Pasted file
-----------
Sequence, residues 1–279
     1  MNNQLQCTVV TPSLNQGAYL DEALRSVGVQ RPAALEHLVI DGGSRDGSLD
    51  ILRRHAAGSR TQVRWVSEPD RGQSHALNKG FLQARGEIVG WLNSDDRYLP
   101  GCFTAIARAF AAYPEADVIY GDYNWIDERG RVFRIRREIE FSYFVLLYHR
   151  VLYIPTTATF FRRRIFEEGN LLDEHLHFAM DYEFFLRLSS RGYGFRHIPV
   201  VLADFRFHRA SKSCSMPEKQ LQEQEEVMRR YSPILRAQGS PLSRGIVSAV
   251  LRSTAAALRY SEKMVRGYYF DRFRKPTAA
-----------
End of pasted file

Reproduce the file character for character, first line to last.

Sequence, residues 1–279
     1  MNNQLQCTVV TPSLNQGAYL DEALRSVGVQ RPAALEHLVI DGGSRDGSLD
    51  ILRRHAAGSR TQVRWVSEPD RGQSHALNKG FLQARGEIVG WLNSDDRYLP
   101  GCFTAIARAF AAYPEADVIY GDYNWIDERG RVFRIRREIE FSYFVLLYHR
   151  VLYIPTTATF FRRRIFEEGN LLDEHLHFAM DYEFFLRLSS RGYGFRHIPV
   201  VLADFRFHRA SKSCSMPEKQ LQEQEEVMRR YSPILRAQGS PLSRGIVSAV
   251  LRSTAAALRY SEKMVRGYYF DRFRKPTAA